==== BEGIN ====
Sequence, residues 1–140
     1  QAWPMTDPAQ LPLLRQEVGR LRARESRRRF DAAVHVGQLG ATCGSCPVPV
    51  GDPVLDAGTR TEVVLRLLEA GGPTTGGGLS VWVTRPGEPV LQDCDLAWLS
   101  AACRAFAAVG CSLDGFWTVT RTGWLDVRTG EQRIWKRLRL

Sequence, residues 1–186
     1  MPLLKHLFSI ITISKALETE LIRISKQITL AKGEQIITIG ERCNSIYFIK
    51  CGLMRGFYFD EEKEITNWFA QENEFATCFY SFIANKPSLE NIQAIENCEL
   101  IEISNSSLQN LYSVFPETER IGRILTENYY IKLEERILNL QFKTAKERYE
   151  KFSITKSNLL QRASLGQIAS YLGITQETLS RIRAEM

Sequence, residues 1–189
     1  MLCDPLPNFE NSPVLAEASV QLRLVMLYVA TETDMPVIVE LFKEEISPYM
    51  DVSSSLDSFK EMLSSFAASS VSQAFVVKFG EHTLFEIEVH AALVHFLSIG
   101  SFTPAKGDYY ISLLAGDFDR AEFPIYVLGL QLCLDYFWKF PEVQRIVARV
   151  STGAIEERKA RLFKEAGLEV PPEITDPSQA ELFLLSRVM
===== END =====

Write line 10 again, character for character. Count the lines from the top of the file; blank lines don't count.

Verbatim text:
Sequence, residues 1–189